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Chinese History - Sui Dynasty 隋 (581-618)

Periods of Chinese History
The Sui dynasty 隋 (581-618) was a relatively short-lived house that reunited China after long centuries of division that are known in history as the Southern and Northern Dynasties 南北朝 (300~600). Yang Jian 楊堅 (known as Emperor Wen 隋文帝, r. 581-604), a relative of Emperor Jing 北周靜帝 (r. 579-581) of the Northern Zhou empire 北周 (557-581), was able to control the whole imperial army and forced the weak Northern Zhou ruler to abdicate. After his foundation of the Sui dynasty, Yang Jian first reunited northern China and then conquered the territory of the Chen dynasty 陳 (557-589) in the south. While the dynastic founder, Emperor Wen, was praised by historians as the great unifier of China, his successor, Emperor Yang 隋煬帝 (r. 604-617) was criticized for his extravagant spendings for a third capital and the Grand Canal.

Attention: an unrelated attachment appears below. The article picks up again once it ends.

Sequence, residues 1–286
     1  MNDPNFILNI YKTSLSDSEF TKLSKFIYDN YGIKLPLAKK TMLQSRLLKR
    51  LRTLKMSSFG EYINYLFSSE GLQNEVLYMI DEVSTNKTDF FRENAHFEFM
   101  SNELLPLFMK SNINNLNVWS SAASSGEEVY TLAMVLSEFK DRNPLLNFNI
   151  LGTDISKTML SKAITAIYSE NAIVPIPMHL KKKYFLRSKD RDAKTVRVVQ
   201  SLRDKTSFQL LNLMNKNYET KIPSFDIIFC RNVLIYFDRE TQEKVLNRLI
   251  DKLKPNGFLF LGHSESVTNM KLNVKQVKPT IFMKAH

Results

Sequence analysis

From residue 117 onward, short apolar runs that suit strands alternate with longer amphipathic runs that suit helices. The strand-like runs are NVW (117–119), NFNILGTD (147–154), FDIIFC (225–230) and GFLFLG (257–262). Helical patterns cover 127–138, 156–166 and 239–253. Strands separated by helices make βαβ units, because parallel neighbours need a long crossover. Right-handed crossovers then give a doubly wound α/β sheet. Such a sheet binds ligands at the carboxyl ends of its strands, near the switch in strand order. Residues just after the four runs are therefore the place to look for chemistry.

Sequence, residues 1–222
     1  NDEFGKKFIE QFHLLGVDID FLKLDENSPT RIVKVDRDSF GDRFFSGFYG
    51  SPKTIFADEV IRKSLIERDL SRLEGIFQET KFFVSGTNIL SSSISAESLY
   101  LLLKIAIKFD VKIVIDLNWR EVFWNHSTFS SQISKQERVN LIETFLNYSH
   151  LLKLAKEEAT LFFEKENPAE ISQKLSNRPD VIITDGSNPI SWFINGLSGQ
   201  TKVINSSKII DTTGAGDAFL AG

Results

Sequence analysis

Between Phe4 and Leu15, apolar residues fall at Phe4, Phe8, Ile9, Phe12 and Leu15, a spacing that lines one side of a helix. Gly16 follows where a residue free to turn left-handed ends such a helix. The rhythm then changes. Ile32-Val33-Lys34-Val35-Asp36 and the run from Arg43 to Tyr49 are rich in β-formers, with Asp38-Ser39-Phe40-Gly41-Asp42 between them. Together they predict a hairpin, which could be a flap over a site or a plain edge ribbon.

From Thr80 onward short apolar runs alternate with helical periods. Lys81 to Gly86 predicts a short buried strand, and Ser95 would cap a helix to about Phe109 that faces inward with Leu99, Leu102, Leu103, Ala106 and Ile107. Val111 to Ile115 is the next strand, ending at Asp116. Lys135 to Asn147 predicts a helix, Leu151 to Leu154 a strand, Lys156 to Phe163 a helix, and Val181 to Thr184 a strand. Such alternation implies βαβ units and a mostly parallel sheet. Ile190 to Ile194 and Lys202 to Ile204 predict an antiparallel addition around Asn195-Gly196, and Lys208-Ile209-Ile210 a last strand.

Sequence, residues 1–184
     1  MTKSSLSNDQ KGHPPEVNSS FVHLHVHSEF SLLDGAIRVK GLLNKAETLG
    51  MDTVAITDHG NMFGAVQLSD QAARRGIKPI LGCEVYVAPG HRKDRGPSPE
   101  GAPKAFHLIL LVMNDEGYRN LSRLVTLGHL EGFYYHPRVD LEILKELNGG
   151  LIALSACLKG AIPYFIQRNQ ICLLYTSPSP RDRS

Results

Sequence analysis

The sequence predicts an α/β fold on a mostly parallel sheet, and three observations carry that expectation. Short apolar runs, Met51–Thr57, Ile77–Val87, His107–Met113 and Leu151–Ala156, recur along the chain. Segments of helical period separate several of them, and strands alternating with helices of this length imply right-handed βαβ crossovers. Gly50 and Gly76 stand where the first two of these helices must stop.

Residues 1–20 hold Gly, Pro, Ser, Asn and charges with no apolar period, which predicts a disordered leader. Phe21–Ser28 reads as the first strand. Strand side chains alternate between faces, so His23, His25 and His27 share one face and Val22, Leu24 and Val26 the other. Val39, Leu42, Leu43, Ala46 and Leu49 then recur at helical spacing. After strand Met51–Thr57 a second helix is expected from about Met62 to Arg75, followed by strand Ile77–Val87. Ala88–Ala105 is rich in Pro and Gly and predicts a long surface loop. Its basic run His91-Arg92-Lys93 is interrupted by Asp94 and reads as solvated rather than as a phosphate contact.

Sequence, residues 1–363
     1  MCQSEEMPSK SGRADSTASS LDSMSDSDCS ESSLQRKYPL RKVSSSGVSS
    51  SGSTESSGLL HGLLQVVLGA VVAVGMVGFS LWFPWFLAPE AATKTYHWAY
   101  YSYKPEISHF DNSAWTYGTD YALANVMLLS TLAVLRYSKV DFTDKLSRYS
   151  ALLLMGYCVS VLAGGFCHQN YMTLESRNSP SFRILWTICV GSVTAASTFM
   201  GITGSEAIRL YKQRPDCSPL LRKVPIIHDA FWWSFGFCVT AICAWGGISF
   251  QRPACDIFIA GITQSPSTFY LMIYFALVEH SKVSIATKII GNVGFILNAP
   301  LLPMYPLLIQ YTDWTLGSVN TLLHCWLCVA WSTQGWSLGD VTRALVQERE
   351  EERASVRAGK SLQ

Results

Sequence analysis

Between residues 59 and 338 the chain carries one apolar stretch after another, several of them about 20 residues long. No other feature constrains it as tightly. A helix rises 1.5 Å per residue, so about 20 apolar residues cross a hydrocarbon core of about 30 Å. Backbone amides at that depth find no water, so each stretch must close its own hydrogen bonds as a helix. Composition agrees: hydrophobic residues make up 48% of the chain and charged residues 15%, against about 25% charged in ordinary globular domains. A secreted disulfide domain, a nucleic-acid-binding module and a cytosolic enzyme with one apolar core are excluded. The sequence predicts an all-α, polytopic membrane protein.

Some historians compare the Sui dynasty with the Qin dynasty 秦 that was able to conquer the whole of China proper but not to create a stable government. While the Qin was succeeded by the glorious Han, the Sui period was ended by the "golden age" of the Tang dynasty 唐 (618-907).

2000 ff. © Ulrich Theobald · Mail

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